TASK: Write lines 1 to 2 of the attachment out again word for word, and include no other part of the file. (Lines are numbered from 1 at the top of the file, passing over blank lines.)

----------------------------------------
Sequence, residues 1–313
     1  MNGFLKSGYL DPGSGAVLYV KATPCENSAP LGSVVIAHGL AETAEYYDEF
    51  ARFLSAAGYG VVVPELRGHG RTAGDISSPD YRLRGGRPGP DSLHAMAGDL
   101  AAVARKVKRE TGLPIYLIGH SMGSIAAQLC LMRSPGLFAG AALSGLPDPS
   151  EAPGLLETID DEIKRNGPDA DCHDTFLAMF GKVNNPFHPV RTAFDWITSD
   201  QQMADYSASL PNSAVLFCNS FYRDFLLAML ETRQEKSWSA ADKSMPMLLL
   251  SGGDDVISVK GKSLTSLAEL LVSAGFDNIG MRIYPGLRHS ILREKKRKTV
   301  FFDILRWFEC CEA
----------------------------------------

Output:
Sequence, residues 1–313
     1  MNGFLKSGYL DPGSGAVLYV KATPCENSAP LGSVVIAHGL AETAEYYDEF